Image by Kimberly Farmer

Sara Beth West

(@fiftytwowest)

is a reader and a writer, offering book reviews and interviews with leading writers and thinkers.

On Sundays, We Read Poetry

Each Sunday, I post a brief introduction to a collection of poetry I've been loving. I include one poem that I think really sings. No review. No need. If it's here, you'll know I recommend it. If you have one to recommend (yours or someone else's), send it along. I'll do my best to be here every Sunday.

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Confession: this isn't a book of poetry. But former poet laureate Ted Kooser's The Wheeling Year is worthy of your poetic attention. Kooser subtitles this collection "A Poet's Field Book," citing the gorgeous notebooks of his friend, artist Keith Jacobshagen, as inspiration for what he calls, "sketches and landscape studies made out of words."

Organized by month, each small piece can be chewed on like a poem, and reflecting each season as they do, I have decided it would be best to read each set of entries as the months unfold over the course of this year. So really, I can only recommend to you today the month of January, bitter cold and full of empty hope as it can be. In Kooser's hands, it is a remarkable month indeed.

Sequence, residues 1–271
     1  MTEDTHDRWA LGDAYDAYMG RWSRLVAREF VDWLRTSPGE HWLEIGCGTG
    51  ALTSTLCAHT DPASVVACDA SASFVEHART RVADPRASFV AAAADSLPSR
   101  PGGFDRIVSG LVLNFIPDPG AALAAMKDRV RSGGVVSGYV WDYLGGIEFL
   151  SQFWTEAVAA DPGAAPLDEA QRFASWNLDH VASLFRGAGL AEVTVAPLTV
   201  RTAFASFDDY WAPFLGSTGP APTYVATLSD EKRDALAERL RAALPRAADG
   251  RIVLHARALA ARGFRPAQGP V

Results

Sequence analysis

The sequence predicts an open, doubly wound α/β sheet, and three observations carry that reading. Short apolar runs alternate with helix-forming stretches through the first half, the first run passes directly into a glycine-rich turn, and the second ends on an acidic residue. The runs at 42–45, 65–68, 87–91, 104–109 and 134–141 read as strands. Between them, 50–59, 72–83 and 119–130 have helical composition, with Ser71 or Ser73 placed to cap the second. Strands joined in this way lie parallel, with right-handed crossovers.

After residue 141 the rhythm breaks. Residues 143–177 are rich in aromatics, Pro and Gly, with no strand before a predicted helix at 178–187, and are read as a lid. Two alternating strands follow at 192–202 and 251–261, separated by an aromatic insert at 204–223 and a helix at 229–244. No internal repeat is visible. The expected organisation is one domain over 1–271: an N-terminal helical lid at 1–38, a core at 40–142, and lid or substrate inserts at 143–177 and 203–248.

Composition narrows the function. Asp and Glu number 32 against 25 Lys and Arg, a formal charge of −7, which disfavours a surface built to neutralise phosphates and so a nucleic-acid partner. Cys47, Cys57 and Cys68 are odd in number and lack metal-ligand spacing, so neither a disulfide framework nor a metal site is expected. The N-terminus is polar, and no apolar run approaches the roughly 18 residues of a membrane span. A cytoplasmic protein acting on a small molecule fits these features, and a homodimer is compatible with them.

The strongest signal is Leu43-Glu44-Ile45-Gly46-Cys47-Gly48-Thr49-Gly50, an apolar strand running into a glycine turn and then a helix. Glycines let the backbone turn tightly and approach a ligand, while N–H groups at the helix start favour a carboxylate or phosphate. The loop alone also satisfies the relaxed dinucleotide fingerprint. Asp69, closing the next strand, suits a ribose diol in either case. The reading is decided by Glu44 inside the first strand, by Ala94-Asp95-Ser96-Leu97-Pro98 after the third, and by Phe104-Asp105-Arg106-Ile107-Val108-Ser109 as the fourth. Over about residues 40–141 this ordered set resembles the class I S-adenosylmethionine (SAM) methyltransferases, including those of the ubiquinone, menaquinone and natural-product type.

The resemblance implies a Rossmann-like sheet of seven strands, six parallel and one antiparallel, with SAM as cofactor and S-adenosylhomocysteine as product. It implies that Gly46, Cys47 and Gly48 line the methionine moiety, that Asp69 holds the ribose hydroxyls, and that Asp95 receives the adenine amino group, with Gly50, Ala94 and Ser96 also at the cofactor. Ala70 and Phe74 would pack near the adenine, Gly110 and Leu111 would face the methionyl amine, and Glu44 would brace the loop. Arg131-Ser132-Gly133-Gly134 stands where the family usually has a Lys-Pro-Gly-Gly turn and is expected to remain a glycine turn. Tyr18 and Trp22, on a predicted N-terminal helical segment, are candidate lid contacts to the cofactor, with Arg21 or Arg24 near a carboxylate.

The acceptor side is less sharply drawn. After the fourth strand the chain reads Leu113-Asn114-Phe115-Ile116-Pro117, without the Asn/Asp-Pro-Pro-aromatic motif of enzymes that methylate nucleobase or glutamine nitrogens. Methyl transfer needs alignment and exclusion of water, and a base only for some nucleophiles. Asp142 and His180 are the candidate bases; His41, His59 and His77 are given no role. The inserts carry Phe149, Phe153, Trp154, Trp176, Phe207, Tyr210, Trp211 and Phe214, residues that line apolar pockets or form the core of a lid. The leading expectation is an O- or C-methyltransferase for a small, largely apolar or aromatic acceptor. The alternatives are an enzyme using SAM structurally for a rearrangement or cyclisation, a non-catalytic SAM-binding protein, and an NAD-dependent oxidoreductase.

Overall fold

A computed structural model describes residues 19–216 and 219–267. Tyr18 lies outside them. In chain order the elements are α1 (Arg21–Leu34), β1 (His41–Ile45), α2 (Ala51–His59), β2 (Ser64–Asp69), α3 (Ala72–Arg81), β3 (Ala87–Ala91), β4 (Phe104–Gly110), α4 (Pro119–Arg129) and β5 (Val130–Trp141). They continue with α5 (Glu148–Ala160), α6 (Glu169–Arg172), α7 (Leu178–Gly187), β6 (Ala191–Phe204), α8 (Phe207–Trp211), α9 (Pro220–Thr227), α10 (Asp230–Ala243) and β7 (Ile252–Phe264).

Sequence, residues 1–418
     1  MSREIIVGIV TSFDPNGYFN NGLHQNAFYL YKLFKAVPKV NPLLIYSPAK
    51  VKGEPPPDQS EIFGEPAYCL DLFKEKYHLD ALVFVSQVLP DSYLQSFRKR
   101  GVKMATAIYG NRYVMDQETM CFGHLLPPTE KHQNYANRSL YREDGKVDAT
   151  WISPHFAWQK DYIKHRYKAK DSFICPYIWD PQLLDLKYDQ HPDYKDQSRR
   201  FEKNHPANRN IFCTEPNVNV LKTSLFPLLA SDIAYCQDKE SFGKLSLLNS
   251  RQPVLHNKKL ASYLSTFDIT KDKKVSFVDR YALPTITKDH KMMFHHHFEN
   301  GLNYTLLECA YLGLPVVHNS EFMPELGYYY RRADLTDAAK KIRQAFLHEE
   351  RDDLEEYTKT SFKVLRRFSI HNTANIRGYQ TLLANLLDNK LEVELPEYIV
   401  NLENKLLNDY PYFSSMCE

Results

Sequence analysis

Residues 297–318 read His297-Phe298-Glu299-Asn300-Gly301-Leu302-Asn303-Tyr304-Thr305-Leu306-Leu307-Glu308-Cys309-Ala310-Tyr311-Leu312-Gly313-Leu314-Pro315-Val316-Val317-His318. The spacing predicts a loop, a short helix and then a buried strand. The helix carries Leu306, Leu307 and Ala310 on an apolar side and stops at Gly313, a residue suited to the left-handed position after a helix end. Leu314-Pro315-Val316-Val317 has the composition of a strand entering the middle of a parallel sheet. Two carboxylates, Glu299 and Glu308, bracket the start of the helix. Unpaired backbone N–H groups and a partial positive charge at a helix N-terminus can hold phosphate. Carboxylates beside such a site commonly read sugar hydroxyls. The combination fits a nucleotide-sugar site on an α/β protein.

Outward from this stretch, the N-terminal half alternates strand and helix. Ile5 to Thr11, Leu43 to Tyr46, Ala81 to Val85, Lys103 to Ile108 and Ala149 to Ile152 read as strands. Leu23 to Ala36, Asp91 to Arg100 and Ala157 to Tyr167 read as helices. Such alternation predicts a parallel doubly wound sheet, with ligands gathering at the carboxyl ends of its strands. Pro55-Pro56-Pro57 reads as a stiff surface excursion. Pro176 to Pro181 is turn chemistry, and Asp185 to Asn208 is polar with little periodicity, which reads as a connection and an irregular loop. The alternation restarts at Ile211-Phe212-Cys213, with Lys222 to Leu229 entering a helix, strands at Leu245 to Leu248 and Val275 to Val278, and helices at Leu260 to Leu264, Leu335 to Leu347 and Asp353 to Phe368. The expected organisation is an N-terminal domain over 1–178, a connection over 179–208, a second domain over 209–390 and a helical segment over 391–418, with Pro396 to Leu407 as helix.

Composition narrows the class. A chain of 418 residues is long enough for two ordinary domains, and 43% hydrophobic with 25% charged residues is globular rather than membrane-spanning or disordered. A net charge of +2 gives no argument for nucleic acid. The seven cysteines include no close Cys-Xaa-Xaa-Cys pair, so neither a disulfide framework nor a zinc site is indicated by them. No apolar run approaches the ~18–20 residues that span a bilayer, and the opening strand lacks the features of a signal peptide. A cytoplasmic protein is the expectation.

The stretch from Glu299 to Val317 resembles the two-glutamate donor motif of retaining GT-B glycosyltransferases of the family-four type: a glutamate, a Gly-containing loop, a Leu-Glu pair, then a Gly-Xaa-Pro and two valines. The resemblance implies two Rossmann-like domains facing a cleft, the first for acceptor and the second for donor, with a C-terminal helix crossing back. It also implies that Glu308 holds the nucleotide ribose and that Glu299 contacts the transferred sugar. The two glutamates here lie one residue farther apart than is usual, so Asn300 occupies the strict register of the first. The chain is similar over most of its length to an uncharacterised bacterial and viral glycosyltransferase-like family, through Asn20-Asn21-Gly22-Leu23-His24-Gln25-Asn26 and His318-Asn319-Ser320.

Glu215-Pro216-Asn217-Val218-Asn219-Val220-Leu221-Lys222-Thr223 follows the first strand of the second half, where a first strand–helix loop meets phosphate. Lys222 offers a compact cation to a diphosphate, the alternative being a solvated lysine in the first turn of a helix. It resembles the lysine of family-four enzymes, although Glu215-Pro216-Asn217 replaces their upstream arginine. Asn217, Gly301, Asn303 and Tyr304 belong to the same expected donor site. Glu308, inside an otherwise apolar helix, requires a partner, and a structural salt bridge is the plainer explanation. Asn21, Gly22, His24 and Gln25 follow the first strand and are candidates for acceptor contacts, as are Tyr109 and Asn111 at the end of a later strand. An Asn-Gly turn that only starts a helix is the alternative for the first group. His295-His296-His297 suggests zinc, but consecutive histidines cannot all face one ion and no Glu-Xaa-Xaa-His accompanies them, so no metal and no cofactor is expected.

Here is one notable entry:


Everywhere at this moment women are cupping their hands the way this teenage girl at the bus stop cups hers, striking a match to light a cigarette as if dipping a portion of light from the wind, then swiftly lifting the glow to her lips though it leaks through her stubby fingers and wets her sharp chin. She tastes it, she swishes it around in her mouth, she rinses her teeth with the smoke. And she closes her eyes just as those other women are closing theirs and draws the red light into her breast and holds it there, burning with pleasure, while with one hand, which in her mind is now tapered, lovely and sophisticated, she shakes the last drop of fire from the end of the match.

If you insist on a poetry collection, Kooser's latest, Red Stilts, was released by Copper Canyon last year.

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